Wilma Rudolph, Hall of Fame sprinter
On this date in 1940, Wilma Glodean Rudolph was born. She was an African American sprinter and first American woman to win three Olympic gold medals.
Born in Bethlehem, TN., Wilma Rudolph had suffered from scarlet fever, double pneumonia, and polio as a child. This left her with limited use of her left leg and she wore a brace until age nine. By age 12, Rudolph was the fastest runner in her school. At Burt High School, she starred in both track and basketball. At a track meet at Tuskegee, AL., Rudolph impressed coach Ed Temple, who invited her to a summer track camp in Nashville. She won to a place on the 1956 U.S. Olympic 4 x 100-meter relay team in Melbourne, which won the bronze medal.
In the 1960 Olympic games in Rome, Rudolph won gold medals in the 100- and 200-meter dashes and the 4 x 100-meter relay. She held the world record in all three events when she retired from amateur competition in 1962. After graduating from Tennessee State University in 1963, Rudolph dedicated her professional life to youth programs and education. She worked with the Job Corps in St. Louis and Boston, and the Watts Community Action Committee in Los Angeles, CA. Rudolph was inducted to the Black Sports Hall of Fame in 1973, the Women's Sports Hall of Fame in 1980, and the U.S. Olympic Hall of Fame in 1983.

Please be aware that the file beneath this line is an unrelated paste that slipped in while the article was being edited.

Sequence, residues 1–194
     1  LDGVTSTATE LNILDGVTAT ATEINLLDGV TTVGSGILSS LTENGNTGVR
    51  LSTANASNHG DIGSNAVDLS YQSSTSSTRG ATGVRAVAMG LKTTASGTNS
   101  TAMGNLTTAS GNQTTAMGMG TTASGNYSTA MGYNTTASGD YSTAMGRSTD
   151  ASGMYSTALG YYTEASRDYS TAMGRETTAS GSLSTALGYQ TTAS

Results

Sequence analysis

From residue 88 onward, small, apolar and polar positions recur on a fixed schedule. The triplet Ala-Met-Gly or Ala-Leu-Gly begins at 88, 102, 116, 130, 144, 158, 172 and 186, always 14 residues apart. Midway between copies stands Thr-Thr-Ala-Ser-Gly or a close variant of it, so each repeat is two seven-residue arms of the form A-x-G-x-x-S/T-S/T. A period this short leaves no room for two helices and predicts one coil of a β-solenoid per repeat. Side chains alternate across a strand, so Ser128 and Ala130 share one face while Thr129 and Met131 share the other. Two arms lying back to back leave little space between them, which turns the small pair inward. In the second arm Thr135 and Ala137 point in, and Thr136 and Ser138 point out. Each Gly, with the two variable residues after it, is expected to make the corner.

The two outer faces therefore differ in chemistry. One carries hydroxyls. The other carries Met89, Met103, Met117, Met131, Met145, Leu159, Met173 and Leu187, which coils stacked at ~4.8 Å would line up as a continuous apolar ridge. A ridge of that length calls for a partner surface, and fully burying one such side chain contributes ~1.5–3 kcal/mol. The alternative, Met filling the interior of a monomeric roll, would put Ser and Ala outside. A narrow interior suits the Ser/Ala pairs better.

In 1981, she founded the Wilma Rudolph Foundation, a nonprofit organization focused on developing young athletic talent. In 1977, she published her autobiography, “Wilma: The Story of Wilma Rudolph.” Wilma Rudolph died in November 1994.
Encyclopedia of African-American Culture and History
Volume 1, ISBN #0-02-897345-3
Jack Salzman, David Lionel Smith, Cornel West
Rudolph, Wilma Hall
Today in American History